DB Class 120



The Class 120 is an inconspicuous looking locomotive (in today's standard, anyway). It occasionally, casually drifts across the rails right in front of my eyes, almost blending into the background, hardly noticeable at all. I would've probably have never thought much of it, until now.

The amount of information the English Wikipedia page has provided is a bit of a pity. Luckily, though, it is 2017, and there's Google Translate (well, hopefully at least one version of me in some alternate universe is actually learning German). There is no way this post can contain (nor should it) all the wealth of information found on the locomotive's German Wikipedia page. Here, I'll just show off a few what I think are highlights.

120-002.jpg
Von Benedikt Dohmen (User:Benedictus), Archiv-Nr. 63/28 - Eigenes Werk, CC BY-SA 3.0, Link

So beneath the underwhelming looks of the Class 120 is one of the first production three-phase AC locomotives equipped with regenerative braking. It was developed in the late 1970s and early 1980s for the then German Federal Railways (Deutsche Bundesbahn, rather than the Deutsche Bahn of today) by a consortium of companies. The utilization of AC traction meant that in the same space of a four-axle locomotive, engineers were able to cram in 7,500 hp worth of oomph. This means that the Class 120 can reach a maximum speed of 124 mph with relative ease. In fact, in a test run in October 1984, with about 280 tons of trailing tonnage, Unit 001-3 reached a record-breaking speed of 165 mph. This series of locomotives went on to inspire and influence the development of more modern high speed locomotives such as the power cars on the ICE 1, 2, and the Class 101.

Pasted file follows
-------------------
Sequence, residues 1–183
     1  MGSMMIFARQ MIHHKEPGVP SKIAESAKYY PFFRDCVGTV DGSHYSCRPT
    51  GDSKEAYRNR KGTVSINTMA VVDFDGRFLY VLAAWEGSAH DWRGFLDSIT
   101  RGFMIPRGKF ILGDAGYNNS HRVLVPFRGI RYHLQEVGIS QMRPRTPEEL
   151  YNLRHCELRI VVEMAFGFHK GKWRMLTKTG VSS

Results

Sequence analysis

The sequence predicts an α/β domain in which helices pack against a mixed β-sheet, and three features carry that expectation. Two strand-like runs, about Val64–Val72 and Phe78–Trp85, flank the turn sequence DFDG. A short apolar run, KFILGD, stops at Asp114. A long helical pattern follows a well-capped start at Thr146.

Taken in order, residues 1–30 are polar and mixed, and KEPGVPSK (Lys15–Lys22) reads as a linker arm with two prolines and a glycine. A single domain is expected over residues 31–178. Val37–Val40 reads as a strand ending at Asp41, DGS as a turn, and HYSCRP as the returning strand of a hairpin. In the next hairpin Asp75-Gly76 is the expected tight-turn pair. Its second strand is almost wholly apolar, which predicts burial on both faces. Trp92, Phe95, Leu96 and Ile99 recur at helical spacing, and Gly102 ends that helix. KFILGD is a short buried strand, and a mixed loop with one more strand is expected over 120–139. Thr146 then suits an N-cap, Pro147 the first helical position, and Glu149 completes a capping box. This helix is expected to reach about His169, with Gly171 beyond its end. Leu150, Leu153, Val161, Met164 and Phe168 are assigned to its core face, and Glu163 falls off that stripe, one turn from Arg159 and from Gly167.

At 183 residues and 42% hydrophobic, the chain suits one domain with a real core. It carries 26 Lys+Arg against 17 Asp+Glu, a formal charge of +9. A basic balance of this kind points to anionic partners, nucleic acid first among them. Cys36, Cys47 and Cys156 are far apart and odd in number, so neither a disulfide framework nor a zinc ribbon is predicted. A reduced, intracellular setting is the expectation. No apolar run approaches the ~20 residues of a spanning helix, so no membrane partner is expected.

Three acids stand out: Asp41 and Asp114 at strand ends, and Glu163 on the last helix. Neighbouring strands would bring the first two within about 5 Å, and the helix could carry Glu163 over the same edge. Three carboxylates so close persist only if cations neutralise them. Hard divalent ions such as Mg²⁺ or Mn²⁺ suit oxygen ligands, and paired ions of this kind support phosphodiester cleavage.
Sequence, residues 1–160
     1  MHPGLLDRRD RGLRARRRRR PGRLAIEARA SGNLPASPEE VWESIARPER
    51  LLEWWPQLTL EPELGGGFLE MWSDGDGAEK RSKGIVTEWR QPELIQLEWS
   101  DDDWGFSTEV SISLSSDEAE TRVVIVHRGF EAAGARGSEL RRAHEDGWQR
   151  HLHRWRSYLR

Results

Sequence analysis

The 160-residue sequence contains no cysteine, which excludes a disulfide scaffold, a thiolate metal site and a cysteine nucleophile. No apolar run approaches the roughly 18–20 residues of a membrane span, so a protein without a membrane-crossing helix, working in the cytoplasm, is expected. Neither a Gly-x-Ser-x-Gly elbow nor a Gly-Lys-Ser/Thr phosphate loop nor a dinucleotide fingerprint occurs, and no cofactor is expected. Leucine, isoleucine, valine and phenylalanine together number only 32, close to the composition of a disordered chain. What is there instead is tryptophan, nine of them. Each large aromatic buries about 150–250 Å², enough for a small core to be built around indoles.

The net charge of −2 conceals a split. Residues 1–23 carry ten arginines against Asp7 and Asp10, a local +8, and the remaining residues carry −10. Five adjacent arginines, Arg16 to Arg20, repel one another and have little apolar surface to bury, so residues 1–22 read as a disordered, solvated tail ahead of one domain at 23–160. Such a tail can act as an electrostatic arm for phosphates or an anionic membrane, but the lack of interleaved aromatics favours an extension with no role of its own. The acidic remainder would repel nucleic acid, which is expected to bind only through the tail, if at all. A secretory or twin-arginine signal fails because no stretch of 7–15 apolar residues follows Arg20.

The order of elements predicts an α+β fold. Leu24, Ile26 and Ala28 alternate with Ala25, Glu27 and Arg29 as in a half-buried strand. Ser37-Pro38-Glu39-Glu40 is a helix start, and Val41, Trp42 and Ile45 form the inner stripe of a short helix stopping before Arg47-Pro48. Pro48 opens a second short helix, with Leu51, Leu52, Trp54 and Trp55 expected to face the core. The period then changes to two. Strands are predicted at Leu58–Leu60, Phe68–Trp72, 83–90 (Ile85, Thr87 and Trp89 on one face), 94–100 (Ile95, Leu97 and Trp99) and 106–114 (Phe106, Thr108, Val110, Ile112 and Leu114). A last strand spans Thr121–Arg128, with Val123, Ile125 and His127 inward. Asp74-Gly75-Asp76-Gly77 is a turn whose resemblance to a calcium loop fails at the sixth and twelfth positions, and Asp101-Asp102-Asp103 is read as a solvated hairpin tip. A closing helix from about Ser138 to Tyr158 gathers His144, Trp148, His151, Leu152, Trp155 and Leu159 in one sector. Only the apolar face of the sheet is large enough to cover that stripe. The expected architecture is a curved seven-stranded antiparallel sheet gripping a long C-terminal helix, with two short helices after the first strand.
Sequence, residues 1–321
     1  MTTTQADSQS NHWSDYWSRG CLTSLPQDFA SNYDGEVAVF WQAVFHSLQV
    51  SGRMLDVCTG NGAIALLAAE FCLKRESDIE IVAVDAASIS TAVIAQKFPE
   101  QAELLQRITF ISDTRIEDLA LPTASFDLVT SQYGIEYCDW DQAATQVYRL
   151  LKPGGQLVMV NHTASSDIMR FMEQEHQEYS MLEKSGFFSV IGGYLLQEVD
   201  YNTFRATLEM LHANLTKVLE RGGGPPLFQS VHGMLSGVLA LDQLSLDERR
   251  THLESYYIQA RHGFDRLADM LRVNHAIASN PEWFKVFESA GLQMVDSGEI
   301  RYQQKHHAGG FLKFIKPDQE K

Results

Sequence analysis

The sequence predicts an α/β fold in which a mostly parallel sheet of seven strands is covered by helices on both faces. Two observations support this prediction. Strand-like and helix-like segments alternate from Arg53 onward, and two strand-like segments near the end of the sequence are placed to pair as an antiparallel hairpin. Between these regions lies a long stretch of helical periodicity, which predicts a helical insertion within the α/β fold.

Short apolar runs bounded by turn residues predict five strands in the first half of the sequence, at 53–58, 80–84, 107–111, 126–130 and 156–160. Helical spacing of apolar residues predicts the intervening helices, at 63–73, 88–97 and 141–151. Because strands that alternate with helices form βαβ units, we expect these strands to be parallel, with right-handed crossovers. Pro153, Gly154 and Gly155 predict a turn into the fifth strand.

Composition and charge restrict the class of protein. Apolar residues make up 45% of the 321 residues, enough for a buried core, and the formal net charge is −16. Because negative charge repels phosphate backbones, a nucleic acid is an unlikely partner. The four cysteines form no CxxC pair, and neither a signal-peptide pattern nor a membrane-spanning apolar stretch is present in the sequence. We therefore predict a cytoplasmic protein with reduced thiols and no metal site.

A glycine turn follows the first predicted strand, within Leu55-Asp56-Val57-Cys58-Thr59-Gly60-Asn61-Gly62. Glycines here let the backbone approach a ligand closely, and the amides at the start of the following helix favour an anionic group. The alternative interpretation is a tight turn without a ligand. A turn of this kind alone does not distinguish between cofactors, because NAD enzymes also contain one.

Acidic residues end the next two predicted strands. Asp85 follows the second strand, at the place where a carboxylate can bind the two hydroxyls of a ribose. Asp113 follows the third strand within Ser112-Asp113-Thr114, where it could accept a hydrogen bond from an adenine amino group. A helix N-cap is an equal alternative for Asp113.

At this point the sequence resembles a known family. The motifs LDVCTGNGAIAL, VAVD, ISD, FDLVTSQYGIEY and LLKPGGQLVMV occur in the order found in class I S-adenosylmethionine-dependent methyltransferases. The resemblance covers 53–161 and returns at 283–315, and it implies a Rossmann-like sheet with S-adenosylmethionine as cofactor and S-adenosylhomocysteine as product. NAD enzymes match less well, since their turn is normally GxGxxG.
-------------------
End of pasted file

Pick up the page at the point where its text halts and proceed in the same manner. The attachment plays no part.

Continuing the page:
InterCity Bartelsgrabentalbrücke.jpg
Von Klaus Trencsik - Klaus Trencsik, www.dominobahn.de, CC BY-SA 3.0, Link

So the moral of the story—never judge a locomotive by its looks.

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